When you do that, you’re creating ownership. When you create ownership, you create empowerment. People begin to own their job. They, you have to make sure that employees, and it took me a long time to learn this. You have to let employees, you have to make sure employees not just understand your vision. Or understand your direction, but they need to understand where they’re at in the company as a part of that vision and direction. And once you’re able to communicate that, once they’re able to understand that, then they will begin to own that job. They’ll begin to take more pride in their work is what we’ve seen when we began working with just those three simple rules, you know, it made things simple. It was very easy to understand. And what it allowed people to do was to say. This is my piece of the pie. And these are the three things I have to concentrate on in my ecosystem. And so that I can deliver that back to the company so that we can help the company reach its objectives. And in doing so, especially when you work in a creative field like we work in, it gives people freedom.

It gives them freedom of thought, freedom to be creative, and freedom to even own their own stuff. You know, these are your objectives. I don’t really put a ton. I’m not a clock watcher. It doesn’t matter to me if you’re going to do it between eight to five, which you can’t. That’s what, another thing about our business, you can’t dictate creativity Monday through Friday eight to five, you know, I actually had an experience with a, with a young man, brilliant graphic designer, phenomenal coder, really smart guy. He came to me one day and he said, I really work better at night and I really worked better alone. Right. I don’t like coming in in the morning. I want to come in at night. Would you mind try and experiment? Would you mind if I came in after everybody left and I’ll work till the morning, whatever my assignment is, it’ll be on your desk every morning. Set your day. We’ll try. So we did unbelievably successful. He produced more work in less time than three other guys sit next to him. So it’s about giving people the freedom that they need, especially in our business, because they’re all creative, resourceful thinkers. So you got to give them that space to do that.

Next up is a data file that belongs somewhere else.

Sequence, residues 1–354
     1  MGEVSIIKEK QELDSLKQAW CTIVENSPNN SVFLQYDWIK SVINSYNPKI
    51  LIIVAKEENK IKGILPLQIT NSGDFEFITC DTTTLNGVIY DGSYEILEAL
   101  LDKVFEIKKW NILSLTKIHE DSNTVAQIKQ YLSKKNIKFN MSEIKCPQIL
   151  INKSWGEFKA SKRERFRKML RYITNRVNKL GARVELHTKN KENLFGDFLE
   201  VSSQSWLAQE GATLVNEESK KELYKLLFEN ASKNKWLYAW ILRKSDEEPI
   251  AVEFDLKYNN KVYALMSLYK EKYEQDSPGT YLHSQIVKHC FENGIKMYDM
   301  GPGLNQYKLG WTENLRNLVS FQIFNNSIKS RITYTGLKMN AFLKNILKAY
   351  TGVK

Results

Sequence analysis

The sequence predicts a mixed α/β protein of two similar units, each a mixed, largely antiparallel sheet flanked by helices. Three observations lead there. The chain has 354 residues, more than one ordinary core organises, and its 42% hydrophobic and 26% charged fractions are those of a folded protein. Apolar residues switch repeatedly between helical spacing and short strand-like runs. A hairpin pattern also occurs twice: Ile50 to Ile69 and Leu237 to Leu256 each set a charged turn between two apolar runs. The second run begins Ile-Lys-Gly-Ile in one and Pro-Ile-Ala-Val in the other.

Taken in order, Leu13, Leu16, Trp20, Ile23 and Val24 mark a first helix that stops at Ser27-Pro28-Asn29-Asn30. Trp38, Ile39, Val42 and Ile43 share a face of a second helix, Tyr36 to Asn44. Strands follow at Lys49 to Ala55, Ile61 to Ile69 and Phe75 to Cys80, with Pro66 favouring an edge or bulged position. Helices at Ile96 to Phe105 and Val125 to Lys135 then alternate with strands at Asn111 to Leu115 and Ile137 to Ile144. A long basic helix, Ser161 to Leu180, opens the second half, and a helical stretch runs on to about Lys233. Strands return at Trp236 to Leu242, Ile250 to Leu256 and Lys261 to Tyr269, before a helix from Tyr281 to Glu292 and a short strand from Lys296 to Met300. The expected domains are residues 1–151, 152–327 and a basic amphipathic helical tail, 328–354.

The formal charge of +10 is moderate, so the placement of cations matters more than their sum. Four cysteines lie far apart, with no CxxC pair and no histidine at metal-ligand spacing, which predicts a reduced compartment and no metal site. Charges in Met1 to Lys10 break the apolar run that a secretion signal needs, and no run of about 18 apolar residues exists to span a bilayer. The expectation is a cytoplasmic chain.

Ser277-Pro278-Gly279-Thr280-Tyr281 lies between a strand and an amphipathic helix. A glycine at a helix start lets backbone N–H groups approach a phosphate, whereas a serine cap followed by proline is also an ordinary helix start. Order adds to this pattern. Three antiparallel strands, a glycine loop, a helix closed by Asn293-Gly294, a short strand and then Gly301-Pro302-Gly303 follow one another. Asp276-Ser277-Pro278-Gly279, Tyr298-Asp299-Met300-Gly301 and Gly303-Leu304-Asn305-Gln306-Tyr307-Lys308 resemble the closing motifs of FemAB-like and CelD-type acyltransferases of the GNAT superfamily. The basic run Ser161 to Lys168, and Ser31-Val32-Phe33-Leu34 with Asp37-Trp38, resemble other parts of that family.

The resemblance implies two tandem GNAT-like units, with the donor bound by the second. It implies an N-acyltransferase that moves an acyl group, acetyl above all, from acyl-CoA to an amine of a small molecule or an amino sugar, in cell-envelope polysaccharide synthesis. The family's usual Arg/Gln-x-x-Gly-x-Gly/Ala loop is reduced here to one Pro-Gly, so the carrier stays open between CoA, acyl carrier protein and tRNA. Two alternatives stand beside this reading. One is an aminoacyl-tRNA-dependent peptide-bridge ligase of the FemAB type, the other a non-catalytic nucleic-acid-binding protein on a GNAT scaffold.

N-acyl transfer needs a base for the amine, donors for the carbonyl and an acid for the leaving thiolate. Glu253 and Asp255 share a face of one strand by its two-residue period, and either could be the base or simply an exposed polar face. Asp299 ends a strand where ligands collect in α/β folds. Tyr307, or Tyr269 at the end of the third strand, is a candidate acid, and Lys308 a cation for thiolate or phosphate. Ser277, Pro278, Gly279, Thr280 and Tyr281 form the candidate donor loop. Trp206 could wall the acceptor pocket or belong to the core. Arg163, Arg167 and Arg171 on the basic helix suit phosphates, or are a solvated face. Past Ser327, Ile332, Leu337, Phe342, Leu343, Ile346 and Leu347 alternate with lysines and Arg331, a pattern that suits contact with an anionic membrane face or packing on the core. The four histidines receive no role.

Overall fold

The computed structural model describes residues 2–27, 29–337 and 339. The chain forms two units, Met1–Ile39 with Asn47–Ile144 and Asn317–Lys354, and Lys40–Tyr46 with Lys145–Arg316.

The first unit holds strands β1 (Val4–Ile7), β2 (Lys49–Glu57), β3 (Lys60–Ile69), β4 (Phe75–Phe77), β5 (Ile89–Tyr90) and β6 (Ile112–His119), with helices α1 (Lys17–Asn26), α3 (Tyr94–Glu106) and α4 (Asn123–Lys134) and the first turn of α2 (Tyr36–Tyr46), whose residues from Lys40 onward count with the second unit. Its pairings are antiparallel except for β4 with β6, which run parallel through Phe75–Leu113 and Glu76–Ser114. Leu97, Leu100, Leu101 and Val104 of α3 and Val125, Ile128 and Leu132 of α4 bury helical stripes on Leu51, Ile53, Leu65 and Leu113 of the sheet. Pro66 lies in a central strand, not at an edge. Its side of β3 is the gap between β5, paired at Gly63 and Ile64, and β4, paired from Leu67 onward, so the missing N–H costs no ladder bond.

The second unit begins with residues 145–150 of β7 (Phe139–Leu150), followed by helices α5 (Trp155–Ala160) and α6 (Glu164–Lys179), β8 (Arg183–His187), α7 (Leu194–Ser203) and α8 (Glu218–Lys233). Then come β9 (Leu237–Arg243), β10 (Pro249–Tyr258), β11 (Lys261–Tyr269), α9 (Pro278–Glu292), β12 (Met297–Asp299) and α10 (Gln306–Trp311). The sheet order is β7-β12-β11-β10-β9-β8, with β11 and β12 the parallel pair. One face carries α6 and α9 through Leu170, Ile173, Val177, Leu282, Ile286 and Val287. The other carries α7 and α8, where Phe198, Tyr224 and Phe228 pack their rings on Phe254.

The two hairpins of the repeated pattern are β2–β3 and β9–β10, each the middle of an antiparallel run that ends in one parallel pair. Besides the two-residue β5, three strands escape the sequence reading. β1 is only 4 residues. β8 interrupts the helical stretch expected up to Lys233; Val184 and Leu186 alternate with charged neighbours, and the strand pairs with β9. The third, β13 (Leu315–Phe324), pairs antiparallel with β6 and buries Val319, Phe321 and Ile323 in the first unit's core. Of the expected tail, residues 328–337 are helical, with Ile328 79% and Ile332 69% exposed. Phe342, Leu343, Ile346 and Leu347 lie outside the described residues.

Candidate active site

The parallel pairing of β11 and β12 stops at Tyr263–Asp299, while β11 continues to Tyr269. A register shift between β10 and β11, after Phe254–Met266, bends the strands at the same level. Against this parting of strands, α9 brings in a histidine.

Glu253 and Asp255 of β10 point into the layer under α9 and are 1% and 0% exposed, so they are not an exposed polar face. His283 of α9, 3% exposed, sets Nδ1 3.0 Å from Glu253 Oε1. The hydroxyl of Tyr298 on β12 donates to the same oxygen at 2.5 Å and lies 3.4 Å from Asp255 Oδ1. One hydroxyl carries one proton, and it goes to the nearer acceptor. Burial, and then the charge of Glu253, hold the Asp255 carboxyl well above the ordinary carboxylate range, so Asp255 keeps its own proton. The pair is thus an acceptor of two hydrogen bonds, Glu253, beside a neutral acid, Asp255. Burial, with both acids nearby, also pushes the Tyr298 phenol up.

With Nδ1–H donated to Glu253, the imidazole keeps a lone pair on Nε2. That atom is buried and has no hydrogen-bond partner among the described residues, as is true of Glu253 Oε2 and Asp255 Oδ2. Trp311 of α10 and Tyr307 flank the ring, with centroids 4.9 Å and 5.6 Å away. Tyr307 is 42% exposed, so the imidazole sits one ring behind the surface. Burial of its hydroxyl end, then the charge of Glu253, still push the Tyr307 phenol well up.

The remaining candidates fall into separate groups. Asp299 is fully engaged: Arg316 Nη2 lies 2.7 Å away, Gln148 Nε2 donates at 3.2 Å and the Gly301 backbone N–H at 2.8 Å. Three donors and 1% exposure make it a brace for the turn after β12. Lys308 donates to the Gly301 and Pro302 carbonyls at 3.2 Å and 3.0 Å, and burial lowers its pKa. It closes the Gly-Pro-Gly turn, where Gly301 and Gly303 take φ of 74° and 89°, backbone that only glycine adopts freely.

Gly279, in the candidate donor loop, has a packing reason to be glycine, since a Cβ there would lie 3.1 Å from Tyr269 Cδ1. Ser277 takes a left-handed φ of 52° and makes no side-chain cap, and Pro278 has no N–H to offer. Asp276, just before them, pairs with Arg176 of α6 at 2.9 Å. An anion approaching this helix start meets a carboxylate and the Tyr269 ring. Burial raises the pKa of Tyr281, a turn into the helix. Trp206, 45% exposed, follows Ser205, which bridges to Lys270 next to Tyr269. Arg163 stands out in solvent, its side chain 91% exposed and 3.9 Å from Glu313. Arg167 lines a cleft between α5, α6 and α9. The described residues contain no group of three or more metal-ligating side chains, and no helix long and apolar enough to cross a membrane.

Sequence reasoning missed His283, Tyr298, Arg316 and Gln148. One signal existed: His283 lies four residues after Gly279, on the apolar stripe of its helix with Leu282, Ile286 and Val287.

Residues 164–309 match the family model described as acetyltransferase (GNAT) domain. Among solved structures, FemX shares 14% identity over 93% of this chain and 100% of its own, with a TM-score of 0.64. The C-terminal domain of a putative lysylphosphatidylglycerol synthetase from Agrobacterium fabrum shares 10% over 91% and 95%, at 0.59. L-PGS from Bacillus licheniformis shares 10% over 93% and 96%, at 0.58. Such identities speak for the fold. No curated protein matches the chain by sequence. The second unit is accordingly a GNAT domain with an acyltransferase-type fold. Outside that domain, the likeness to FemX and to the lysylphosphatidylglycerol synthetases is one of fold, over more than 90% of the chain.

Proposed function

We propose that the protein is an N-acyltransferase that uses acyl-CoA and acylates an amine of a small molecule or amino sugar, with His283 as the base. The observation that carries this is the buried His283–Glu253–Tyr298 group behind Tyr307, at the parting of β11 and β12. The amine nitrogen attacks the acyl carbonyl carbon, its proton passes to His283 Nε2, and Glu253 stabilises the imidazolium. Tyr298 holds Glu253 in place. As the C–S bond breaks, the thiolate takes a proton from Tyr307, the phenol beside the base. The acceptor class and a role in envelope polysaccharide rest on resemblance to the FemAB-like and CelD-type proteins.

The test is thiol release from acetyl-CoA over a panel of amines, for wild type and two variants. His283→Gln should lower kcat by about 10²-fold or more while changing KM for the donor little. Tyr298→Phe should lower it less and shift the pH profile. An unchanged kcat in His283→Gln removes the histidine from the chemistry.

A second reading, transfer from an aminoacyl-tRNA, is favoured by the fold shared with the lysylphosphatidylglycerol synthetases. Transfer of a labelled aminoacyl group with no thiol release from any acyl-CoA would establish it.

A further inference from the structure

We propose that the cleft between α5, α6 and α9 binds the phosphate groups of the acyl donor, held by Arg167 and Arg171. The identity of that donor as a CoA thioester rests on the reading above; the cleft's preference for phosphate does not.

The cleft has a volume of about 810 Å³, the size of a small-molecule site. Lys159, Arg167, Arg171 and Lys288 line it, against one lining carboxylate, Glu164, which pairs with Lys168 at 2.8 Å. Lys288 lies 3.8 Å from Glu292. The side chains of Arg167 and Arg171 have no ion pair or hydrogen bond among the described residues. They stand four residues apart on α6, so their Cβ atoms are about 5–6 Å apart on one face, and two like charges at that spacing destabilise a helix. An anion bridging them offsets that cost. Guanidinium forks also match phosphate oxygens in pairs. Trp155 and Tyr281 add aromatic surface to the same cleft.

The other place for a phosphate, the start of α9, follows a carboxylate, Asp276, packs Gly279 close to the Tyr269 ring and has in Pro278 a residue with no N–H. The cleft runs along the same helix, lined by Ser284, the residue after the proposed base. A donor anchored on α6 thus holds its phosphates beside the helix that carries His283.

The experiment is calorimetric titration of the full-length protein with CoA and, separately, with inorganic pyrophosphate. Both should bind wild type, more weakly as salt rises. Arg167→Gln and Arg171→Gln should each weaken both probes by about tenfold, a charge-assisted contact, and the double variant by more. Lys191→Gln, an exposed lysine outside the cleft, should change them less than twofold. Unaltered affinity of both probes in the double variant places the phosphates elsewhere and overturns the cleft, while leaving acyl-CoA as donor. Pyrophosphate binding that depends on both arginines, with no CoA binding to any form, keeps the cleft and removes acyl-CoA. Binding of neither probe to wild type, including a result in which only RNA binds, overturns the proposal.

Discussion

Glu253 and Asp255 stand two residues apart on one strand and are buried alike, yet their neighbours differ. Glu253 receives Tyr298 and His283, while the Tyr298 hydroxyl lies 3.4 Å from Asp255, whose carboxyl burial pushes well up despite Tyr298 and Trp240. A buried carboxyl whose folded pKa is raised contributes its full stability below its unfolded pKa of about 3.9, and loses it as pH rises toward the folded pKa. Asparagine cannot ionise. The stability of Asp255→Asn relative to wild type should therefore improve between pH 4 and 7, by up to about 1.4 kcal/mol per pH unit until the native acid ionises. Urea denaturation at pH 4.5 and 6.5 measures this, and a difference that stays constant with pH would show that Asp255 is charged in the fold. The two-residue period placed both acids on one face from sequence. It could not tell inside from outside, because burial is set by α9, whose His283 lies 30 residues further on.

And so our three little guiding rules, while as simple as it sounds on paper, you know, it gets kind of complicated really, but what you’re doing is you’re giving someone. Accountability. You’re giving them their own responsibility. They’re taking their own responsibility for themselves and for the work that they’re going to produce. And it ties back into your team approach.

Gene Hammett: Pete, when you shared the rules, I kind of light up around this. Cause I think it’s, it’s a guiding principle. You’re setting expectations are so many pluses to this, but there’s gotta be times when this is impossible. Either client was, you know, a little bit difficult or something like that. So how do you handle it in a hands-off leadership approach when these things are being challenged? Let’s say, well.